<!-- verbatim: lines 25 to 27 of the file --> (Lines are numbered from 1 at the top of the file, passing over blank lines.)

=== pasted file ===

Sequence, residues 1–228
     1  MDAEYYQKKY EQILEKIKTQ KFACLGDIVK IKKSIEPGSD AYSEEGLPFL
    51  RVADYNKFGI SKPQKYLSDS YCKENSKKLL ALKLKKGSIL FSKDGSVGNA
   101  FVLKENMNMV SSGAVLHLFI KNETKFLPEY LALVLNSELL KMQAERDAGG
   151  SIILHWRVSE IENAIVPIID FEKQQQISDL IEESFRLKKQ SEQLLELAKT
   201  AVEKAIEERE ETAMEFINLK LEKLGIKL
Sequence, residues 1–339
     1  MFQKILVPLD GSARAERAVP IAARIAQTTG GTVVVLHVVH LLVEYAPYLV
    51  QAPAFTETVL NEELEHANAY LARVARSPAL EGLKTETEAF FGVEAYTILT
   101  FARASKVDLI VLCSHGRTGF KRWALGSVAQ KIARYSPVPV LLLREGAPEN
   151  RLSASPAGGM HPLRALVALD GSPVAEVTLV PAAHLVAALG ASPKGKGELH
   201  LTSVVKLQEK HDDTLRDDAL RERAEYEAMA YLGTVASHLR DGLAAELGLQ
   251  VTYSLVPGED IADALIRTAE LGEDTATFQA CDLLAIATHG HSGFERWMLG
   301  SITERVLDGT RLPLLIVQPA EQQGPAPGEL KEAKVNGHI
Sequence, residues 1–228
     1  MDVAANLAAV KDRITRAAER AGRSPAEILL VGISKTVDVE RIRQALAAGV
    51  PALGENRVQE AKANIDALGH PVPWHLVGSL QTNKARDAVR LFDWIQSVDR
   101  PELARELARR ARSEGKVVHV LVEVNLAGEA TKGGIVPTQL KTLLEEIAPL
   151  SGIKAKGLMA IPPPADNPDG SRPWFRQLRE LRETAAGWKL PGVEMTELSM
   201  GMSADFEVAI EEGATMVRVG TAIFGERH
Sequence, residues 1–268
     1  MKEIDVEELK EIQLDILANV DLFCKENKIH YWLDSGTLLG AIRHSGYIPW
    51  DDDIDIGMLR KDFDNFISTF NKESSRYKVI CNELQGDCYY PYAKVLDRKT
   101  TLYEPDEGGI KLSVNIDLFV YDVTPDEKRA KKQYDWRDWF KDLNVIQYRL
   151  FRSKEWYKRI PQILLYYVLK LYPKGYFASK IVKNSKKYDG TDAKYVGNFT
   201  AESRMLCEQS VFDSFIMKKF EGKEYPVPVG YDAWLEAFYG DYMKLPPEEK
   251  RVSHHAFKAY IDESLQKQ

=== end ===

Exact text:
   151  FRSKEWYKRI PQILLYYVLK LYPKGYFASK IVKNSKKYDG TDAKYVGNFT
   201  AESRMLCEQS VFDSFIMKKF EGKEYPVPVG YDAWLEAFYG DYMKLPPEEK
   251  RVSHHAFKAY IDESLQKQ